Many people visited Don Pedro at Columbus Hospital– one person that spent a lot of time with him was Ruth Reynolds. Very active around civil rights as a pacifist, Reynolds met nationalist leader Julio Pinto Gandía during a February 1944 demonstration in support of Mahatma Gandhi at the English Consulate. Told by Pinto Gandía that Puerto Rico’s own leader of Gandhi-like status was in Columbus Hospital, she accepted the invitation to meet him. Reynolds had heard of the Ponce Massacre, but also had a hard time believing her own government was complicit in such an event. When she went to see Don Pedro, a survivor of the Ponce Massacre, Carmen Fernández, happened to be present. After Don Pedro asked all other visitors to leave the room, Fernández took Reynolds to the bathroom and showed her the scars left on her by police bullets that day. Profoundly affected by what she saw, Reynolds from that day forward committed her life to the struggle for Puerto Rico’s independence.

In January of 1945 Reynolds helped to form the American League for the Independence of Puerto Rico, holding the position of Secretary. The League would take an active role in helping to bring awareness to Puerto Rico’s struggle in significant ways. In March, just two months after it was founded, they sent a letter to the U.S. Secretary of State to point out the recent U.S. effort to prevent Julio Pinto Gandía from speaking as a representative of the Nationalist Party of Puerto Rico at the founding meeting of the United Nations in San Francisco. The letter emphasized the importance of working to accelerate legislation that would secure Puerto Rico’s independence. In May 1947 Reynolds stood before the Subcommittee on Public Lands on the floor of the House of Representatives to speak out against a bill that would allow Puerto Ricans to elect their own Governor without actually changing the colonial relationship. The ability of the League to engage North American activists and intellectuals through its numerous meetings and events around Puerto Rico’s colonial case was significant.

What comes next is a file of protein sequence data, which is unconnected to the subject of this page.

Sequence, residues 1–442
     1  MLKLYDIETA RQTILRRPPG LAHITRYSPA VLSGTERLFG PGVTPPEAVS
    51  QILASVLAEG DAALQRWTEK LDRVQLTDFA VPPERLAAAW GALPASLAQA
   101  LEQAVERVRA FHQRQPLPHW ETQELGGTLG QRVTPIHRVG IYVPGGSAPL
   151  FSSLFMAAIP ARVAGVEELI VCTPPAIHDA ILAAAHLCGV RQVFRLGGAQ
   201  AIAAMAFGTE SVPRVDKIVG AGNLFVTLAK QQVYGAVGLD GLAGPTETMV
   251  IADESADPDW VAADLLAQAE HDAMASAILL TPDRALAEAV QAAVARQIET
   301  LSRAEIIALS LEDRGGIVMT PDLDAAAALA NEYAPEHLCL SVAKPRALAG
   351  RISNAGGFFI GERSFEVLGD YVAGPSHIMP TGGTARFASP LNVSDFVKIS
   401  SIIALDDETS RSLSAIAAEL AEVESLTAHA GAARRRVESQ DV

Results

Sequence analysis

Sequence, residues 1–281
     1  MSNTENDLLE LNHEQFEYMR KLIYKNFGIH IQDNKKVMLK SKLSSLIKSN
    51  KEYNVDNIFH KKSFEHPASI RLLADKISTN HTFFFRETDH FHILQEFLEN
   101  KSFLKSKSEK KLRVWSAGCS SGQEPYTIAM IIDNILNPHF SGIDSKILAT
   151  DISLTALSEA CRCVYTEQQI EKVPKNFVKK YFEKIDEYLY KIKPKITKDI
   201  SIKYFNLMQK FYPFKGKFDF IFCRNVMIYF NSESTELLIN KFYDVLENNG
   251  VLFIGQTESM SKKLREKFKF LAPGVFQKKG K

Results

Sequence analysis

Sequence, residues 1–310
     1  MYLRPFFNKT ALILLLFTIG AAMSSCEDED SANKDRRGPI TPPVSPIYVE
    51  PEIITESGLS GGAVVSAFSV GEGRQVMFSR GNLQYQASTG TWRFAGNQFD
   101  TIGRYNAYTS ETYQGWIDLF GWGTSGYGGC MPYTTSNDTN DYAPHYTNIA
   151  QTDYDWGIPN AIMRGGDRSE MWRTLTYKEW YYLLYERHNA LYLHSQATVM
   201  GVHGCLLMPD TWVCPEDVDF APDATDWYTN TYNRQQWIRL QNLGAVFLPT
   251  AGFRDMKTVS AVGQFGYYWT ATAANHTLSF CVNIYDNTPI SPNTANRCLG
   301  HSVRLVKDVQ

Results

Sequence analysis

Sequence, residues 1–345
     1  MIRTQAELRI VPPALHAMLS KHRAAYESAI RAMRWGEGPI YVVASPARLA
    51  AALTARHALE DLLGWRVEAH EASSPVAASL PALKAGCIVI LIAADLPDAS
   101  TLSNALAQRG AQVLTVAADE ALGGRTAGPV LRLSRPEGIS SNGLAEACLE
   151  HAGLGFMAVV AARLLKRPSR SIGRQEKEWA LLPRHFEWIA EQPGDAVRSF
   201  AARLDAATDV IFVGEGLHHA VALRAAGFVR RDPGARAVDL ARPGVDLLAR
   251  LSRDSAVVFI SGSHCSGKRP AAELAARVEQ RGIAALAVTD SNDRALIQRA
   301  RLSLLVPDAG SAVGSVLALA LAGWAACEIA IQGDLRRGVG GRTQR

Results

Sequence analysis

In 1950 Reynolds was imprisoned in Puerto Rico following an island-wide revolt organized by the Nationalist Party, joining over a thousand people arrested for violating a recently passed law that criminalized all expressions of pro-independence sentiment. Having spent a lot of time with Don Pedro in Columbus Hospital and becoming a close friend of his, Reynolds was able to learn a lot about his life and character. Much of what she learned about him was later documented by the Center for Puerto Rican Studies during over one hundred hours of interviews with Reynolds conducted by Centro staff member Blanca Vázquez from 1985 to 1986. This oral history, and the related documents she donated, continues to be a notable resource for researchers of Don Pedro and the nationalist movement. A few years later, just months before her death in 1989, Hunter College published her account of the 1948 strike organized by students in the University of Puerto Rico that was at the same time very much a revolt against the colonial structure in Puerto Rico.


  • El Movimiento Libertador en la Historia de Puerto Rico, by Ramón Medina Ramírez (San Juan, Puerto Rico, 1970).
  • Pedro Albizu Campos: Las Llamas de la Aurora- Acercamiento a su Biografía, by Marisa Rosado (Ediciones Puerto, 2008).
  • The Ruth M. Reynolds Papers, Center for Puerto Rican Studies Library and Archives (Hunter College, CUNY).